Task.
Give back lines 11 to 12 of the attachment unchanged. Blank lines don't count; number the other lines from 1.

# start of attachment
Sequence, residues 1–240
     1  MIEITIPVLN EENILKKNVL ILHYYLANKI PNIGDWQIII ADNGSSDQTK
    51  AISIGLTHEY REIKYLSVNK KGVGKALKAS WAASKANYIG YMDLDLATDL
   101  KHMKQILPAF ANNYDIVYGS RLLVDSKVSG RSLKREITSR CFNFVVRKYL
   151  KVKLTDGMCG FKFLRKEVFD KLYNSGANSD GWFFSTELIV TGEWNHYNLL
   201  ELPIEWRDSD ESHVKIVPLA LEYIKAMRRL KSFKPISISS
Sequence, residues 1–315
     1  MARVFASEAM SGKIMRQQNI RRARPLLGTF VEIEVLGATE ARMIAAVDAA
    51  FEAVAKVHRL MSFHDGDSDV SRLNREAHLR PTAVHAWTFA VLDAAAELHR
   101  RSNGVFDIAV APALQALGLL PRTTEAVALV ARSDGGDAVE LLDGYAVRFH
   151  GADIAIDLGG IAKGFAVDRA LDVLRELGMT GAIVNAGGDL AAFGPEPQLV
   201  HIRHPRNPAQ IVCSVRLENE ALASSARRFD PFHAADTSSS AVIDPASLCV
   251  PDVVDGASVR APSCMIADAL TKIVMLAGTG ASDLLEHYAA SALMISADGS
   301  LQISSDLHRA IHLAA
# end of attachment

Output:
   151  GADIAIDLGG IAKGFAVDRA LDVLRELGMT GAIVNAGGDL AAFGPEPQLV
   201  HIRHPRNPAQ IVCSVRLENE ALASSARRFD PFHAADTSSS AVIDPASLCV